Take a Trip Back in History and Visit Black Wall Street In 1921

...Called "Black Wall Street." Greenwood, North Tulsa c. 1917. As the Greenwood District began to emerge in the early 1900s, rigid segregation held sway. Image Credit: digital.library.okstate.edu
…Called “Black Wall Street.” Greenwood, North Tulsa c. 1917. As the Greenwood District began to emerge in the early 1900s, rigid segregation held sway. Image Credit: digital.library.okstate.edu

If you purchase Fires of Greenwood: Tulsa Riot of 1921, you will get to know some of the most successful, adorable and heroic African Americans in this country’s history. You will stand in the beautiful ballroom at the Stradford Hotel, with its luxurious chandeliers hanging from the ceilings and the shining hardwood floors welcoming you to step inside. While in the hotel you will meet the owner, John B. Stradford, the richest Black businessman in the most prosperous business community within the United States. If one luxurious hotel is not enough for you, cross over Greenwood Avenue and you can enter the Gurley Hotel, not quite as extravagant as the Stradford, but nice enough for Dr. W. E. B. Du Bois to lodge there when he visited the city in the spring of 1921.

You will be deeply immersed in the community when you walk into the Little Rose Beauty Shop and Mabel Little, one of the most revered and respected Black women in the city, greets you. You’ll feel as though you are a part of the conversation between the ladies getting their hair done and those waiting for their turn in one of the four chairs. The conversation gets quite interesting and not much different from what is discussed in beauty shops today.

Further down Greenwood Avenue, you will be invited into the offices of The Tulsa Star, owned by the fiery Andrew Smitherman. You will hear a heated debate between those supporters of Booker T. Washington’s accommodationist approach to dealing with segregation and Dr. Du Bois’ more aggressive protest approach. The discussion centers around whether the leaders should invite Dr. Du Bois to the city to deliver a lecture. The pro Du Bois forces win out but in the end of the novel you can decide if that was a good decision for the community.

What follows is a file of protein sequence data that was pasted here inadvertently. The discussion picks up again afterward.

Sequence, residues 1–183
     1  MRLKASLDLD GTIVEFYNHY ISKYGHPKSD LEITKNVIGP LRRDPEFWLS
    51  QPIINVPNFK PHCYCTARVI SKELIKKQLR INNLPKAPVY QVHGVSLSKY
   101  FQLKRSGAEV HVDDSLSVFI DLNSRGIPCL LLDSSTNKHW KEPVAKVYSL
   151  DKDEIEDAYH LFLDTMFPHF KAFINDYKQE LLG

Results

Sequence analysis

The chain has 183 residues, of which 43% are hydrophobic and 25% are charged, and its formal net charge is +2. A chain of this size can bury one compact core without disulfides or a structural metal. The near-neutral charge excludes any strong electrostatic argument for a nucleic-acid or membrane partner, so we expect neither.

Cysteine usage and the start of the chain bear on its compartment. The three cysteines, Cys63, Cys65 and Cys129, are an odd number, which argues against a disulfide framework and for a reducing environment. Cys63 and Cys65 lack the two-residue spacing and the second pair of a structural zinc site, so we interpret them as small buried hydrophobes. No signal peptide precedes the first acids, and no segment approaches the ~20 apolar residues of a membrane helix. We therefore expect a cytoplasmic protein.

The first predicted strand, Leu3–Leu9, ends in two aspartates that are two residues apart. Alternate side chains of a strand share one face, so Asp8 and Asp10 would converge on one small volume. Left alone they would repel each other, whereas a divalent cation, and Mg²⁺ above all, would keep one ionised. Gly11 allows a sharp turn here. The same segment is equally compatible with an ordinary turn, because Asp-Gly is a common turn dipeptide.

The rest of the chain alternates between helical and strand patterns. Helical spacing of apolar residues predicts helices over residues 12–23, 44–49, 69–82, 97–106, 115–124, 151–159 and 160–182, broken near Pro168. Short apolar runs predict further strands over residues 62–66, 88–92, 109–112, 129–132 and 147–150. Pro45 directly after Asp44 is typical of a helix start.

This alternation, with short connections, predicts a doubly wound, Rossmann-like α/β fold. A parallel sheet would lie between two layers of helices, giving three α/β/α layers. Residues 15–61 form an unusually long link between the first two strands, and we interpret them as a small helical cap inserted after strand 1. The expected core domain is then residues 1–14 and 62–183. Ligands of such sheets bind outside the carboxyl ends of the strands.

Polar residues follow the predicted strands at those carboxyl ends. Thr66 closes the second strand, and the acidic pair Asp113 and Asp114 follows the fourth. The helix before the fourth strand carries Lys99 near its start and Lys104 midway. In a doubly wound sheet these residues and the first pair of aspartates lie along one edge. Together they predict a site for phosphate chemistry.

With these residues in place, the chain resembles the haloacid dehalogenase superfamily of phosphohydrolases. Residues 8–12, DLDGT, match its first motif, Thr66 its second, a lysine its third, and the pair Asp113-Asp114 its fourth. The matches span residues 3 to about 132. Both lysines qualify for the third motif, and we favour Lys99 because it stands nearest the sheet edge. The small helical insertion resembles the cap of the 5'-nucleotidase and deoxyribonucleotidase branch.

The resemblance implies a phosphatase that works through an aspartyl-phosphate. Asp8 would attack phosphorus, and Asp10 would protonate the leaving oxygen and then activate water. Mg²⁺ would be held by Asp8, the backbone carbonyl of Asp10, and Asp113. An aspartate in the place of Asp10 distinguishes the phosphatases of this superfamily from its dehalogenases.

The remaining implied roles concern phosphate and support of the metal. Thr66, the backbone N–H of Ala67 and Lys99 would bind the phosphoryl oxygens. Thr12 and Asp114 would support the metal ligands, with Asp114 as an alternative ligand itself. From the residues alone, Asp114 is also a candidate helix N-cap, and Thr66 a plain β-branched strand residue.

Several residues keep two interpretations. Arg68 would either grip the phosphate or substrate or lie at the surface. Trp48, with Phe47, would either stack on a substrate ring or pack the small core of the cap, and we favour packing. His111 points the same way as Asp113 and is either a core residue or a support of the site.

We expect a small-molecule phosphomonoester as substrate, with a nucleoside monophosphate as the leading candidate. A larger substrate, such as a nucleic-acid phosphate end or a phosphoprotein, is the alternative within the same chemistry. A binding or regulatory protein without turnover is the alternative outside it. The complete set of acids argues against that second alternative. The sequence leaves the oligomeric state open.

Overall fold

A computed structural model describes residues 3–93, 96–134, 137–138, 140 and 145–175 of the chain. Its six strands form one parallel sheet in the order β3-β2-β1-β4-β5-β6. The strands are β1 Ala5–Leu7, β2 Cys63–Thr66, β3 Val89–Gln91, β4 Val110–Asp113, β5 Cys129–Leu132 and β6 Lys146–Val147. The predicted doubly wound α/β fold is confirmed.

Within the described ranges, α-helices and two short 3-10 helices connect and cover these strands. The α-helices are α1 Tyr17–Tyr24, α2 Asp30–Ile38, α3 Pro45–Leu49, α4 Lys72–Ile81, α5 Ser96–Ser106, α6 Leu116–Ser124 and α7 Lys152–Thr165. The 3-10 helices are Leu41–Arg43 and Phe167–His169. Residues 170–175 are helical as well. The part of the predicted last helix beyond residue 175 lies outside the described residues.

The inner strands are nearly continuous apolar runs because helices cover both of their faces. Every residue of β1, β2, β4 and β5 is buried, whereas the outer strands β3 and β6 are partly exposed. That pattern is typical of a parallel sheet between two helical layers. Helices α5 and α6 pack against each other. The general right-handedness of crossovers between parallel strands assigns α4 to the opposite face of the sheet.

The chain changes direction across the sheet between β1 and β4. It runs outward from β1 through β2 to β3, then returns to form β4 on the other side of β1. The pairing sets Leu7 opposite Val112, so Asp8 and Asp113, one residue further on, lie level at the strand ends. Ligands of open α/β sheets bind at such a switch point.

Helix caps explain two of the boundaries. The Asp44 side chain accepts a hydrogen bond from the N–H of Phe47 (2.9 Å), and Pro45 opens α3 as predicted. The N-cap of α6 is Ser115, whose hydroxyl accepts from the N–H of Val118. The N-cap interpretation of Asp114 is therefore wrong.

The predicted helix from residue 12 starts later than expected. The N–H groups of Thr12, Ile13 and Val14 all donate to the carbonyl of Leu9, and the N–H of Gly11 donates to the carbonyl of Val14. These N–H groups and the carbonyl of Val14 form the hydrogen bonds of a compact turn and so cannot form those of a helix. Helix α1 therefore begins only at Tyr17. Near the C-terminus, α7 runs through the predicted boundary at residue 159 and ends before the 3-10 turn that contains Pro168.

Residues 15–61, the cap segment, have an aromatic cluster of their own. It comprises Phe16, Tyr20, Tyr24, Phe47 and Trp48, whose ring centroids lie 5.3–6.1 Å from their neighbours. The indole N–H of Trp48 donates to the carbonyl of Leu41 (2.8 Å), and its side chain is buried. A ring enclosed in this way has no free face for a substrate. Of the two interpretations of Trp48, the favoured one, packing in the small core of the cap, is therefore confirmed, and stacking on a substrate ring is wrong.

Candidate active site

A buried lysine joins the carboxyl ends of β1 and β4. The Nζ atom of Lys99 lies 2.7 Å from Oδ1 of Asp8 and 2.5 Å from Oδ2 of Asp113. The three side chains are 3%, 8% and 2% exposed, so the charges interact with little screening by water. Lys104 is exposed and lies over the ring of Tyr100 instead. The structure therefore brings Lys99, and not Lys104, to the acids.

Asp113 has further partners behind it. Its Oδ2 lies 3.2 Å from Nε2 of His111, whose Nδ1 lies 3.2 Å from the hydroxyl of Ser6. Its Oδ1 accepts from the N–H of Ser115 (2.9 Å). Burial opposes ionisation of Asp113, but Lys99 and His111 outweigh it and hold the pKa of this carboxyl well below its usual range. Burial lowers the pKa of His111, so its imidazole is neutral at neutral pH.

Nearing the corner of Greenwood and Archer, you will duck your head inside the Dreamland Theater and join the other seven hundred moviegoers enjoying an Oscar Micheaux movie. You will also sit in the audience the night Dr. Du Bois delivers one of his riveting challenges to Black Americans to take up arms and fight back against the racists who refused to allow them equality in their own country.

Then, on May 31, you will stand with the veterans of World War I, whose leader is the brave O. B. Mann, when they pledge to fight to the death before they allow the racists to lynch Ms. Damie’s baby boy for a crime he did not commit. You will march with them across the Frisco Railroad Tracks and confront the mob demanding that the sheriff turn Dick Rowland over to them. And you will rejoice with those brave Black men, who fight a battle that they ultimately will lose, but a war they did win. They confronted evil and were victorious, and that makes them our heroes.

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